So seriously, what is happening in the world today? I realize it’s basically as messed up as it was yesterday and the day before, but I just have to say something. Are we , the American people being punked by the Republican party?  Because if all of the above headlines are not a joke, they should be.

I’m addressing the people who are in the news, specifically in the above headlines now……What the hell is…

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Japanese town’s Cat Street View lets you virtually tour its backstreets, meet feline residents

Something new for cat lovers.

SoraNews24

CV 0

It’s an amazing age we live in, where you can fire up Google Street View and virtually walk the boulevards of many of the world’s cities. But it turns out Google Street View has a bit of a rival in Japan. Granted, its scope is far smaller than Google’s, given that it only covers part of one town, but it shows up the Internet giant by letting you wander its walkways from the perspective of an alley cat, and even provides profiles of all the neighborhood kitties you’ll meet along the way!

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What Teacher’s Lounge? Some information for Governor Kasich

What Teacher’s Lounge? Some information for Governor Kasich.

Death in Kashmir by M. M. Kaye

A book from my youth – one of six romantic suspense stories set in exotic locales by MMKaye.

She Reads Novels

Death in Kashmir I have always thought of M. M. Kaye as an author of historical novels (such as the wonderful Far Pavilions) and although I was vaguely aware that she had also written a series of mystery novels, I had never really thought about reading them. Now that I’ve read the first one, Death in Kashmir, I will certainly be reading the others. What a great book this is!

Death in Kashmir was first published in 1953, but set a few years earlier in 1947, just as India is about to gain independence from Britain. Our heroine, Sarah Parrish, is attending what will probably be the final meeting of the Ski Club of India at Gulmarg, a resort in the mountains of Kashmir. Sarah is hoping for an enjoyable, relaxing holiday but the first sign of trouble ahead comes when another skier has a fatal accident on the slopes. Another…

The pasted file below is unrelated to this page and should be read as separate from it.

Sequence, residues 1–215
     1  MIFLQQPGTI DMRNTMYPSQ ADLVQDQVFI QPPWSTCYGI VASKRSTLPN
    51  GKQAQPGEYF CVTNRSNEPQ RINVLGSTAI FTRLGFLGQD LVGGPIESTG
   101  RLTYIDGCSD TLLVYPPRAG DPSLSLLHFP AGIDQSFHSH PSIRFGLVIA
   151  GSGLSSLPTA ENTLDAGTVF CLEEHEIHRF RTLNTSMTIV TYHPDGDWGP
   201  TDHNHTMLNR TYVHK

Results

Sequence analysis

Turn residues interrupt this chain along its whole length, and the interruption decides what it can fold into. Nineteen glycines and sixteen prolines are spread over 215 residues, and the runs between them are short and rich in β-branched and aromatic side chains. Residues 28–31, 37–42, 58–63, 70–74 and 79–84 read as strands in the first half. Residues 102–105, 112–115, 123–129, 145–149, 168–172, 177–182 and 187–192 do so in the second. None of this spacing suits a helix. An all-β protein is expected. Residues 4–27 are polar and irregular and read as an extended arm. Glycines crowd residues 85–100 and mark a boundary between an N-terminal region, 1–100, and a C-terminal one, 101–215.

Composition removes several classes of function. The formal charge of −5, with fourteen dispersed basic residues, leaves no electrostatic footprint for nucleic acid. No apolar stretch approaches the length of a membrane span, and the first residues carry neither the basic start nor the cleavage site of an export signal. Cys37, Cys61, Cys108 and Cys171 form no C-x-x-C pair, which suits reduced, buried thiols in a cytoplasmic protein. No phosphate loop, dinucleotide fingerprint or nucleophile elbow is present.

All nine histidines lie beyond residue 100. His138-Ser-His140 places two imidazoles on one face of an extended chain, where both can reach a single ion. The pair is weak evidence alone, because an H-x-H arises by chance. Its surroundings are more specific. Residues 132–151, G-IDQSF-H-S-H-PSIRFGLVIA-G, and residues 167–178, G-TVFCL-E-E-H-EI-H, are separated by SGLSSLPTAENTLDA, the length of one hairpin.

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The Machine

Great review by SF author Daev hutichinson (Europe in Autumn)

The Automatic Cat

The Machine arrives one day at Beth’s flat on the Isle of Wight, the way many things are delivered to us these days. It comes in several pieces, brought by delivery men, and some bits are so big that they have to take the windows off to get them into the flat. It’s a hot day.

James Smythe’s extraordinary novel begins with a scene of domestic banality. The Machine could be a new bed, or a flatpack wardrobe. But it’s not. The Machine is illegal. It’s a device meant to erase traumatic memories and help rebuild people like Beth’s husband, Vic, a soldier who returned physically and emotionally wounded from a foreign war. Hailed as a miracle cure, the first generation of Machines was outlawed when it became clear that they were in fact doing more harm than good. Vic himself is in a clinic in London, in a vegetative…

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Review: Where the Carnies Are

Where the Carnies Are
Where the Carnies Are by Kayla Curry
My rating: 4 of 5 stars

This review was done on behalf of The Author Visits: http:theauthorvisits.com

Note – the author provided a copy of the book for an unbiased review in return.

The Magical Land of the Carnival Kingdom. This is a short, sweet paranormal fantasy that is really a fairytale in disguise. Olive Sear is having a REALLY bad day – she caught her boyfriend in bed with another woman, she lost her job, her car stopped working on her way to going back to live with her parents, and it was raining….so when she suddenly finds herself in a bouncy house after taking off across the muddy fields to find a phone, she doesn’t flinch, being already numb from the days events. She continues on into the strange carnival-like place. The first person she mets, Alex, a sword thrower, becomes her guide into this new and fascinating place where she feels strangely at home. A closed, magical kingdom where carnies spend their off-season and retirement lives.